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Secondary mental healthcare in prisons in England and Wales: results of a postal questionnaire

  • Nick Kosky (a1) and Clifford Hoyle (a2)
Abstract
Aims and method

Prison mental health inreach teams (PMHITs) were introduced in response to policy from 2003. This provision comes under the responsibility of the National Health Service. Service development and structure was not defined in policy. A total of 97 prisons of an estimated 100 known to have a PMHIT were targeted by postal questionnaire and responses covered 62 prisons. Team structures were captured in the data with specific regard to the number of available professional sessions.

Results

Findings determine there is generally no correlation between input and prison capacity, although there was some evidence of correlation in the high secure (category A) estate and that the female estate was generally better served.

Clinical implications

It is evident from this study that PMHITs have evolved piecemeal, with no clear standards or equity across the estate. This is of concern.

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Copyright
This is an Open Access article, distributed under the terms of the Creative Commons Attribution (CC-BY) license (http://creativecommons.org/licenses/by/4.0/), which permits unrestricted re-use, distribution, and reproduction in any medium, provided the original work is properly cited.
Corresponding author
Nick Kosky (nick.kosky@dorset-pct.nhs.uk)
Footnotes
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Declarations of interest None.

Footnotes
References
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1 HM Prison Service & NHS Executive Working Group. The Future Organisation of Prison Health Care. Department of Health, 1999.
2 Department of Health & HM Prison Service. Changing the Outlook: A Strategy for Developing Mental Health Services in Prisons. Department of Health, 2001.
3 Royal College of Psychiatrists. Prison Psychiatry: Adult Prisons in England and Wales (College Report CR141). Royal College of Psychiatrists, 2007.
4 Office for National Statistics. Psychiatric Morbidity among Prisoners in England and Wales. ONS, 1997 (http://www.statistics.gov.uk/STATBASE/Product.asp?vlnk=2676).
5 Department of Health. Improving Health, Supporting Justice: The National Delivery Plan of the Health and Criminal Justice Programme Board. Department of Health, 2009.
6 Daily Hansard. Written Answers 9 January 2007. Hansard, 2007 (http://www.publications.parliament.uk/pa/cm200607/cmhansrd/cm070109/text/70109w0018.htm).
7 HM Prison Service. Categorisation and allocation. Prison Service Order, no. 0900. HM Prison Service.
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BJPsych Bulletin
  • ISSN: 1758-3209
  • EISSN: 1758-3217
  • URL: /core/journals/bjpsych-bulletin
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Secondary mental healthcare in prisons in England and Wales: results of a postal questionnaire

  • Nick Kosky (a1) and Clifford Hoyle (a2)
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eLetters

The Needs of Remand versus Sentenced Prisoners

Oriana Chao, Consultant Forensic Psychiatrist
11 January 2012

In their paper Kosky and Hoyle (1) use a postal questionnaire to consider the provision of secondary mental health care in prisons and their results state "there is generally no correlation between input and prison capacity, although there was some evidence of correlation in the high secure... estate."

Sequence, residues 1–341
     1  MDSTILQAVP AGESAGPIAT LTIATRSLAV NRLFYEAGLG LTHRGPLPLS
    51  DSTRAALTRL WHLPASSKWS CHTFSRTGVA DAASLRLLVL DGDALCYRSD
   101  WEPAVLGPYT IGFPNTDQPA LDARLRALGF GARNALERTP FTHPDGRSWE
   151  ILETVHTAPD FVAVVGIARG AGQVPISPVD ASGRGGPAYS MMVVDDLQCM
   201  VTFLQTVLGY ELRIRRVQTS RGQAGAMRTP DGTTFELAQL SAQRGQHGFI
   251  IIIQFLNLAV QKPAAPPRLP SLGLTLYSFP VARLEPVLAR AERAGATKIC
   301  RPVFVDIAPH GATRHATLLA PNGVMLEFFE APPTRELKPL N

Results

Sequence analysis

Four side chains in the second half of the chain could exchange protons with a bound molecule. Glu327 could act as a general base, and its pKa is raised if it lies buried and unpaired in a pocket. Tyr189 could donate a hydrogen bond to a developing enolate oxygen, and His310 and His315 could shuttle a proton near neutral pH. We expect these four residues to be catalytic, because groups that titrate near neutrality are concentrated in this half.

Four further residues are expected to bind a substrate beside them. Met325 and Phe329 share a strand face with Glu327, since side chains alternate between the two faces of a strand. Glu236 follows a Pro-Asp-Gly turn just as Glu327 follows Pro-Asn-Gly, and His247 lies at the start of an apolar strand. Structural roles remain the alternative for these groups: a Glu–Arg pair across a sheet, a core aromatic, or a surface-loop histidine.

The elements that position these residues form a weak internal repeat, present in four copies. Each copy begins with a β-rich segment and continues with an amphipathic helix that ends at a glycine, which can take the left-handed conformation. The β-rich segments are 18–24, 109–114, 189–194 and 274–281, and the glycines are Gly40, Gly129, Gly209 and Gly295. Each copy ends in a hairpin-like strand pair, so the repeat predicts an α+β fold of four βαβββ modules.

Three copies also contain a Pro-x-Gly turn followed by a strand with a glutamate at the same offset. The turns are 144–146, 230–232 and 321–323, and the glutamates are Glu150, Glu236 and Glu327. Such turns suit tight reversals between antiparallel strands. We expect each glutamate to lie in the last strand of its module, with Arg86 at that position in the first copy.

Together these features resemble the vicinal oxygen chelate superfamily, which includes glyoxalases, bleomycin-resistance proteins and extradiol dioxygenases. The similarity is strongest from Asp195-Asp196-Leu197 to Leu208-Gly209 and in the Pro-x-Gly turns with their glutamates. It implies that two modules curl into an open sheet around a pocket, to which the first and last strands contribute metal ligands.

Their introduction states "(t)he ONS data quantifies the ranges of morbidity across remand, convicted and female populations but do not consider security categorisation or age range." The high prevalence of mental disorder in prisons has been well documented with higher levels of mental ill-health established amongst particular groups e.g. women, older prisoners and juveniles (2). Perhaps more important is the absence of discussion in this paper of the higher morbidity amongst remand as compared to sentenced prisoners, a difference highlighted by Singleton et al (3). Indeed the Royal College of Psychiatrists in their 2007 Report provided specific guidelines on psychiatric input to prisons. In this theyacknowledged the method by which they came to the suggested norms was a guide, but crucially they differentiated between, not only security categorisation, but also local remand versus dispersal prisons(4). It is also worth noting that most prisons hold prisoners of a lower category, and the majority of prisoners in category A establishments are not actually category A.

Given known differences in levels of morbidity between remand and sentenced prisoners, it is surprising Kosky and Hoyle have chosen not to use this information in their results, particularly as this data was readily available (in terms of remand versus dispersal prisons). In our view this information is essential when considering any future secondary mental healthcare planning. However it would be even more useful if this included the proportion of remand versus convicted prisoners in establishments as well as the prison turnover. The paper perhaps only highlights what we already know anecdotally, that secondary healthcare in prisons varies and this variation may be arbitrary.

1 Kosky N, Hoyle C. Secondary mental healthcare in prisons in Englandand Wales: results of a postal questionnaire. The Psychiatrist 2011; 35: 445-448. 2 Fazel S, Baillargeon J. The Health of Prisoners. Lancet 2011; 377: 956- 65 3 Singleton N, Meltzer H, Gatwood R, Coid J & Deasy D. 1998; Psychiatric morbidity among prisoners in England and Wales. London: HMSO. 4 Royal College of Psychiatrists. Prison Psychiatry: Adult Prisons in England and Wales (College Report CR141). Royal College of Psychiatrists, 2007.

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Conflict of interest: Both authors work in prisons

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